Whether you are grocery shopping, preparing a presentation, chairing a meeting, taking an elderly parent to an appointment, dealing with being short-staffed, going for a brisk walk at lunch or cheering on your child’s soccer game, it should be understood that it all makes up the threads of the tapestry of our very existence.
Isolating work from life is not only impossible but it places enormous strain, anxiety and tension on an unachievable goal.
Life is fluid and organic. We no longer have to compartmentalize the difference aspects of our selves. We no longer have to balance one against the other. We can have it all. Breaking down time to do work between 8am to 4pm, dinner from 5pm to 6pm, kids homework (or sport) from 6pm to 8pm or whatever your formula is, needs to stop. If it works for you, fine. But if it is better for you to attend a parent’s appointment at 1pm and finish a report at 6am, then do it. We are responsible adults after all.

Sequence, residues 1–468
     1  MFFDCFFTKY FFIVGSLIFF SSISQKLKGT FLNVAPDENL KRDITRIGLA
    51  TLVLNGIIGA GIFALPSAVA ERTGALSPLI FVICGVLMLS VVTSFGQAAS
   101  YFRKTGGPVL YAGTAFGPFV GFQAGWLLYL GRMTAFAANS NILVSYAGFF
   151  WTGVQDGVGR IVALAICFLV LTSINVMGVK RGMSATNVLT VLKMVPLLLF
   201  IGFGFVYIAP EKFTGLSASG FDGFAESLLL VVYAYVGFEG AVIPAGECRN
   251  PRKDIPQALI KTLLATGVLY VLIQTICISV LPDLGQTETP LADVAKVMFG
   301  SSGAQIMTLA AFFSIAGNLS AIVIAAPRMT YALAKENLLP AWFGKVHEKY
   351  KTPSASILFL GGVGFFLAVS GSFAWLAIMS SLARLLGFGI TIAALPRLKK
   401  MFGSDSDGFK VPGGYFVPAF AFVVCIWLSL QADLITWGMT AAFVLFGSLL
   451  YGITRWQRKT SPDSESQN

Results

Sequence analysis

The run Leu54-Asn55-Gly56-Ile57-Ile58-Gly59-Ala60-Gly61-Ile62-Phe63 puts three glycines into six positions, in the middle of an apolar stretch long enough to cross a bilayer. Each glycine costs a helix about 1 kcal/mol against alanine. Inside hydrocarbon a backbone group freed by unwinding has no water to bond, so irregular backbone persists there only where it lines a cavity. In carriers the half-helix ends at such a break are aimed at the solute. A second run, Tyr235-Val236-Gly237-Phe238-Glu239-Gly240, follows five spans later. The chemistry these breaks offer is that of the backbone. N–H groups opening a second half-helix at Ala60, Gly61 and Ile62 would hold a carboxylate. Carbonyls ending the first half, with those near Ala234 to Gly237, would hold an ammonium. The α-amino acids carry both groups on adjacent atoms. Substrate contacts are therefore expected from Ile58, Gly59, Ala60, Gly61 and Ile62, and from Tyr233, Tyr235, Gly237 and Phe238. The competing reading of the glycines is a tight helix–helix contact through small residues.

Think about what is important to you. Make a list and prioritize.
The needs of individuals are constantly shifting. Allowing the whole person to show up at work (and at home) requires an investment in understanding mental, emotional, spiritual and physical well-being.
Who you are is who you are everywhere. No matter where you go, there you are, so it’s important to integrate work and life together rather than separating the different aspects of self in order to fit some pre-determined label of how work and life are supposed to exist.
Millennials, the generation born between 1981 and 1997, have become the focus of many demographic studies. Because they range in age from 18-34, millennials are studied for their impact on spending habits, shopping experiences, and business and employment (Pew, 2015). They’re a huge part of the workforce but are also the generation most likely to eschew the traditional workplace in favor of starting their own businesses, investing in startups, and working from home rather than in a traditional office setting.